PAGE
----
The weather is hot and so is two-time Cup champ Tony Stewart, who's poised to make another second-half surge
AT SOME POINT this Sunday, as Tony Stewart is racing around Indianapolis Motor Speedway at 190 mph in the Allstate 400, he'll look up at his private suite above Turn 2 for a glimpse at the party going on there. When he's racing on his home track, Stewart, a native of nearby Columbus, Ind., never forgets to check on his friends and family members living it up over Turn 2, especially his father, Nelson. And this weekend Dad should have plenty to celebrate because his boy is gathering momentum for a run at another Nextel Cup.
After winning for the first time this season—the USG Sheetrock 400 on July 15 at Chicagoland Speedway—Stewart moved up to sixth in the points standings and is well positioned for a second-half surge, which was how he won his Cup titles in 2002 and '05. Stewart has a total of eight victories in July and August since the summer of 2004, and he attributes that success to the fact that hot weather makes the track slicker. He thrives under those conditions because he grew up racing on the slickest surface of all: dirt. "It's kind of like running sprints and midget cars on dirt," says Stewart. "It just seems like the slicker the tracks are, the better we do."
July 29, 2007
There's another reason why Stewart will be a driver to watch over the next two months: He's no longer feuding with Joe Gibbs Racing teammate Denny Hamlin. On July 7, in the Pepsi 400 at Daytona, Hamlin was leading the race on Lap 14 when Stewart got into the back of Hamlin's Chevy, causing both cars to wreck. Stewart blamed the incident on Hamlin, who Stewart believed (incorrectly, it turned out) had lifted off the throttle. "He's a young guy, and he wants to be successful," Stewart said, "but I don't know if he knows what the definition of team is."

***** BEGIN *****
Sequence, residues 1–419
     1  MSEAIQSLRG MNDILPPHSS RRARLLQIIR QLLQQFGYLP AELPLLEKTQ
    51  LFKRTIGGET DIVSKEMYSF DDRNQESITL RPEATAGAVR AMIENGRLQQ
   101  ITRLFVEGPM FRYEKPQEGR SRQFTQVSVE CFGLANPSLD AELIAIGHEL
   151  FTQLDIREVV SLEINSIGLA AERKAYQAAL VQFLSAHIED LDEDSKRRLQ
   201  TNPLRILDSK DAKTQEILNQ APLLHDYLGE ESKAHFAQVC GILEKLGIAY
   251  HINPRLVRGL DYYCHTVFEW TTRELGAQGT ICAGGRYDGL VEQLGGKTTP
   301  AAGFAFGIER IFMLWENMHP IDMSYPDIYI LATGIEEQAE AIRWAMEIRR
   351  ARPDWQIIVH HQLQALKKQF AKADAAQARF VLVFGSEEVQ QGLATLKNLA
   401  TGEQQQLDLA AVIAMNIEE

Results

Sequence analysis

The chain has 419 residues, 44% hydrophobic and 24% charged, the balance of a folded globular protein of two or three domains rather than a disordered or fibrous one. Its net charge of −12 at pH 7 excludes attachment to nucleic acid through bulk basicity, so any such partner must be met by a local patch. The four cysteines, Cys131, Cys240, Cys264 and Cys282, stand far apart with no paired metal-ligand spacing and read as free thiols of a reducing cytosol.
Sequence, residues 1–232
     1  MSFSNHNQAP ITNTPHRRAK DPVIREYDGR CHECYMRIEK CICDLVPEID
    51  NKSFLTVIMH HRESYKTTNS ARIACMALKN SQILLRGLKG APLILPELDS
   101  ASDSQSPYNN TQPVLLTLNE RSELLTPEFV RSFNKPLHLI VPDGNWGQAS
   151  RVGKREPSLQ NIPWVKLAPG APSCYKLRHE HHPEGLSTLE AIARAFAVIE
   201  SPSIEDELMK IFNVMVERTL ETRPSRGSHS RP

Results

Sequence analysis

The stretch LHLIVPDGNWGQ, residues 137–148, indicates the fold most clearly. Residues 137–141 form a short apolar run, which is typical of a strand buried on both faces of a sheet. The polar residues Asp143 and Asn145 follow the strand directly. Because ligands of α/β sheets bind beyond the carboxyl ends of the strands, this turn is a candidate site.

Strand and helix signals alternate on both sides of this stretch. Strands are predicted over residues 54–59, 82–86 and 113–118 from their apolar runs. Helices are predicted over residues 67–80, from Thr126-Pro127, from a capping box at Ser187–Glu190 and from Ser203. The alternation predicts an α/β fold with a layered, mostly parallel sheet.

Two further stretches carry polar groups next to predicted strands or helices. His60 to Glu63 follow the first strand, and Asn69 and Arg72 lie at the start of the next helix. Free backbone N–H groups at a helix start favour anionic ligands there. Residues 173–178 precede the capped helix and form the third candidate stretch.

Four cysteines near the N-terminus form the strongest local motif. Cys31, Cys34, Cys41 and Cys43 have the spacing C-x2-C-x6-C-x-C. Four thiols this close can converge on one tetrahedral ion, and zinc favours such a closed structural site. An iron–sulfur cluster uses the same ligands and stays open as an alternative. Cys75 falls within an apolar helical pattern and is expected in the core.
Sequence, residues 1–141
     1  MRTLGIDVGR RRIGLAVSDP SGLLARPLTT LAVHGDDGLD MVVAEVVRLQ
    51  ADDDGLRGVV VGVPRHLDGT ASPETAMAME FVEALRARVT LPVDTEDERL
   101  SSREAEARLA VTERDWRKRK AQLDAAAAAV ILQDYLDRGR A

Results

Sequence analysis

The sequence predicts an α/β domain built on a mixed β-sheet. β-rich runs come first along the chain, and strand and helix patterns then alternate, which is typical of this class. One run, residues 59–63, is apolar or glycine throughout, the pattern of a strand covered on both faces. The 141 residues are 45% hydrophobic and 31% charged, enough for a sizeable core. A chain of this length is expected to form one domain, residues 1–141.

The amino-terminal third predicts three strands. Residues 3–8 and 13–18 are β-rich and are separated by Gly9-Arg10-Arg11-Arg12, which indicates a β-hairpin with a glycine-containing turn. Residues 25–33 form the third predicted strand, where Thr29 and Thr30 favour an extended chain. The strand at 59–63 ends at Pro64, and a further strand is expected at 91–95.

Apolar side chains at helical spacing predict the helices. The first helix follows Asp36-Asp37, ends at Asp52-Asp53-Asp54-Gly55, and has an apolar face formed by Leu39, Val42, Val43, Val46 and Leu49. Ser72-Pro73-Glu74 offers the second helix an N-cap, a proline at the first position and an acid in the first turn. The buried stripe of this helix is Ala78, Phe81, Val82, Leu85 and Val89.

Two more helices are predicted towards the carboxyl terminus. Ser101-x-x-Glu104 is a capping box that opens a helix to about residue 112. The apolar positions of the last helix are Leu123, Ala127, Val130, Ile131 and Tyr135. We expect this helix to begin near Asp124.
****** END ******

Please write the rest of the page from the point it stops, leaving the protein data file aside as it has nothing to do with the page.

Team owner Joe Gibbs, who's also coach of the Washington Redskins, certainly does. Worried that the relationship between Stewart and Hamlin was on the verge of collapse, Gibbs paid an unexpected visit to Chicagoland on July 14 and held a 30-minute, closed-door meeting with his drivers. After their boss's locker-room-style speech on the importance of working together as teammates, Stewart and Hamlin emerged telling reporters they were 100% committed to helping one another. And they proceeded to do that.
Before the USG Sheetrock 400, the two shared strategies and setup notes. A day later Stewart ended his 20-race winless streak. More significant, the Gibbs team—winner of two of the last three races—appears to have as much speed and momentum as Hendrick Motorsports, which has won 10 of the 19 races this season but hasn't reached Victory Lane in the last five events. Says Greg Zipadelli, Stewart's crew chief, "[We're] carrying it to the second part of the season."
Over the next three weeks the Cup circuit will stop at three of Stewart's favorite tracks: the Brickyard (a win in 2005), Pocono (Pa.) Raceway (average finish in his last three starts: 5.0) and Watkins Glen, N.Y. (three career wins). Sounds like an ideal schedule for NASCAR's foremost Boy of Summer.
ONLY AT SI.COM Lars Anderson's Cup analysis every Tuesday and Friday.
Short Laps (Busch Series)
1 After finishing sixth at the Gateway 250 in Madison, Ill., last Saturday night, Carl Edwards holds a mammoth 852-point lead in the standings over second-place David Reutimann. Edwards is on track to clinch his first Busch title in late October—a month before the season ends.
2 Buschwhacking continues: On the last off weekend of the season in the Nextel series, Cup driver Reed Sorenson (above) won Saturday night's Busch race—the 19th victory for a Cup regular in the past 21 Busch events.
3 The top driver who competes solely in the Busch series is Jason Leffler, who's fifth in the points. The race for the unofficial title among Busch regulars is between Leffler and Bobby Hamilton Jr., who trails Leffler by 74 points with 14 races left.